16 Essential Questions – International Business Traveller’s Quiz

Every international business traveler should be able to answer these questions about their destination before getting on the plane.

  1. What is the size of the country; population and area?
  2. What are the top 3 or 5 cities, and why?
  3. Who is the President?
  4. What are the main political parties?
  5. What are the official languages?
  6. What is the ethnic makeup of the country?
  7. What is the climate and weather throughout the year?
  8. What are some of the important geographic features (rivers, mountains, lakes)?
  9. What are the major religions?
  10. What countries are neighbors?
  11. What is the currency and exchange rate?
  12. What are the countries biggest industries; national and export?
  13. Who are your competitors, and how long have they been established in the country?
  14. What are 3 significant issues affecting your industry in this country?
  15. What are 3 significant national issues that are in the news in the last 2 weeks?
  16. What national holidays or events will be celebrated during your visit

If you can’t answer every question.   Set aside an hour, fire up the Internet, and do your homework.

It may be the most important hour you spend preparing for the trip.

16 Essential Questions – International Business Traveler’s Quiz

Original post June 6, 2007

Difference between a global, transnational, international and multinational company

We tend to read the following terms and think they refer to any company doing business in another country.

* Multinational
* International
* Transnational
* Global

Andrew Hines over at BNET has brief and clear definitions of each of these terms,  Get your international business terms right.

Each term is distinct and has a specific meaning which define the scope and degree of interaction with their operations outside of their “home” country.

* International companies are importers and exporters, they have no investment outside of their home country.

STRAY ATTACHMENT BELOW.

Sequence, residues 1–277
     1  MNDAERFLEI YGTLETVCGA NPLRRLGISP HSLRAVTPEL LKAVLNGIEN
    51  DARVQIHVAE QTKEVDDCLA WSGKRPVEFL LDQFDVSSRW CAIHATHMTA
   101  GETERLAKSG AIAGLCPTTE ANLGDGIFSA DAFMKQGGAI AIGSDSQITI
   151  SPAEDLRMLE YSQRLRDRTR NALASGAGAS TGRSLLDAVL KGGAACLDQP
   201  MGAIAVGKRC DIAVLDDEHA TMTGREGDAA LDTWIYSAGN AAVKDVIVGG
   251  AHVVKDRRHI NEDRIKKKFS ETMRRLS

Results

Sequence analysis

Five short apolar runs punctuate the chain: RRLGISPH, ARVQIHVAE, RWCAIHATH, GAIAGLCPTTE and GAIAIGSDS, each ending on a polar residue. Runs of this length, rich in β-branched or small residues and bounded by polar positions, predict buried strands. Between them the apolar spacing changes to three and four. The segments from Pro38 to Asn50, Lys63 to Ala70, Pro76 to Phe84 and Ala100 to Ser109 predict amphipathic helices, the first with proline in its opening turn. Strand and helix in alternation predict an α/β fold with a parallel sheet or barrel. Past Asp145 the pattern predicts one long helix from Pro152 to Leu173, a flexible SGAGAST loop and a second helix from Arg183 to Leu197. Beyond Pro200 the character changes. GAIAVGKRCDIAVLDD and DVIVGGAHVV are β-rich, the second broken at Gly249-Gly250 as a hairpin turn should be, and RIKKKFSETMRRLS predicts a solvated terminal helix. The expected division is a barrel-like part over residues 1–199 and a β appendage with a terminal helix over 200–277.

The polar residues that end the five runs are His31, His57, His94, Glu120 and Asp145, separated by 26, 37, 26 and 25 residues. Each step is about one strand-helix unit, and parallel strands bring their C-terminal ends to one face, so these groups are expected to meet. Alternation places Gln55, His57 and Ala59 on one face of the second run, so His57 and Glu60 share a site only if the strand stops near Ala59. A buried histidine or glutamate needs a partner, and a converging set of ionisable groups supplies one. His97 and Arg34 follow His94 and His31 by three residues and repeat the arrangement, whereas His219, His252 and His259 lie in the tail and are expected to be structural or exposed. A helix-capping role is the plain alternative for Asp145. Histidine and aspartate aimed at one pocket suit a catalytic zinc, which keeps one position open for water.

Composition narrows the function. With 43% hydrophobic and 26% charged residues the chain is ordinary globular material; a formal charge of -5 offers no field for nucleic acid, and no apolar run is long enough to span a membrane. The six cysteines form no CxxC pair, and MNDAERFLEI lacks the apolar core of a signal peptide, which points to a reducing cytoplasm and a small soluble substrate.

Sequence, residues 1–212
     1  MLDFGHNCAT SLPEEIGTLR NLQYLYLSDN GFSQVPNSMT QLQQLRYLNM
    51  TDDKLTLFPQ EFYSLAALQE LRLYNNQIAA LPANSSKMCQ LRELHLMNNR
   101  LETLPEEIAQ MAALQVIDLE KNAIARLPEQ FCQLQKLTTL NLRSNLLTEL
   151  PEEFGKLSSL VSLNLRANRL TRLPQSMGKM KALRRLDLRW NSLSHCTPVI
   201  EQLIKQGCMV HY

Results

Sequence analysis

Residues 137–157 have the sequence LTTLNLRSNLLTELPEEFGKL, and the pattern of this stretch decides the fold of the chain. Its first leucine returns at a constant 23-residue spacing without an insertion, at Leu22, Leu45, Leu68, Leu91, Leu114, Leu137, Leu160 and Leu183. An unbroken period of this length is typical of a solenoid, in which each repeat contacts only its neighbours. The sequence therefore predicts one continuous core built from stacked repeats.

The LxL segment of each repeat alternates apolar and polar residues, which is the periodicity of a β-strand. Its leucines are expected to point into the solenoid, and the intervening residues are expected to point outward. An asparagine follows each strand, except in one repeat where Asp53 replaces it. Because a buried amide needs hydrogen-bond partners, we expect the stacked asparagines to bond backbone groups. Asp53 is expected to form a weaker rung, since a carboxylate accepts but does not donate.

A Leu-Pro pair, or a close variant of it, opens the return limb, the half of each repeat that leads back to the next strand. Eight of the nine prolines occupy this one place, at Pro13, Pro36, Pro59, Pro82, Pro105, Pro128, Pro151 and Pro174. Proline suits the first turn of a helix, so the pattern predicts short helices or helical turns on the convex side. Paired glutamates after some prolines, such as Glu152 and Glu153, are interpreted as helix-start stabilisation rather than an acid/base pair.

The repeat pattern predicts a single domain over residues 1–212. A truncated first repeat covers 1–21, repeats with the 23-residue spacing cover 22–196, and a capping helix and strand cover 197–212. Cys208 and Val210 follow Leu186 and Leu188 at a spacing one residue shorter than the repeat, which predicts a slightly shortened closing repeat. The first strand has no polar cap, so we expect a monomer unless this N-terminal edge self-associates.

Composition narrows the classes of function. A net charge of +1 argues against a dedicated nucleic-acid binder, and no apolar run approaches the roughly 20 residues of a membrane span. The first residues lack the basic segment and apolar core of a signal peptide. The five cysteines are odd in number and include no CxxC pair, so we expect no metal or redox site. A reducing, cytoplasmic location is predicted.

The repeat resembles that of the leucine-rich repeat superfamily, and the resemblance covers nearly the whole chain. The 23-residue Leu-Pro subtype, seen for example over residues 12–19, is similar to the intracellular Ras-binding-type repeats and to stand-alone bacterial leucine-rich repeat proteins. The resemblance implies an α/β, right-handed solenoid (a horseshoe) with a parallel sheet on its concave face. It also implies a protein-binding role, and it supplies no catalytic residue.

* Multinational companies have investment in other countries, but do not have coordinated product offerings in each country. More focused on adapting their products and service to each individual local market.

* Global companies have invested and are present in many countries. They market their products through the use of the same coordinated image/brand in all markets. Generally one corporate office that is responsible for global strategy. Emphasis on volume, cost management and efficiency.

* Transnational companies are much more complex organizations. They have invested in foreign operations, have a central corporate facility but give decision-making, R&D and marketing powers to each individual foreign market.

Andrew’s advice is:  if in doubt about the right term to use, try the generic term “international business”.

Related Links

Get your international business terms right

Difference between a global, transnational, international and multinational company

Original post June 18, 2007

7 essential tips for doing business overseas

Lee’s list of 7 quick and essential tips for doing business overseas.

1.  It is always easier to sell in your town, state, or country than to export or sell internationally.  Understand that it will always be that way.

2.  Don’t do it alone.   Always get local “guide(s)” to work with you.  This can take the form of a consultant, agent, distributor or sales force.

3.  You will always feel that the customer in the international market got the better deal.

4.  No matter how well you think you understand the country and culture….there is always something important that you missed.

5.  Be humble… humble……be humble

6.  Listen before you start to sell.  My first 3 trips to China consisted of meeting and listening to potential customers before opening up the discussion to sales.

7.  Make a concerted effort to build and nurture personal networks and relationships.  Learn about the country, culture and politics.

Original post May 16, 2006  (Link)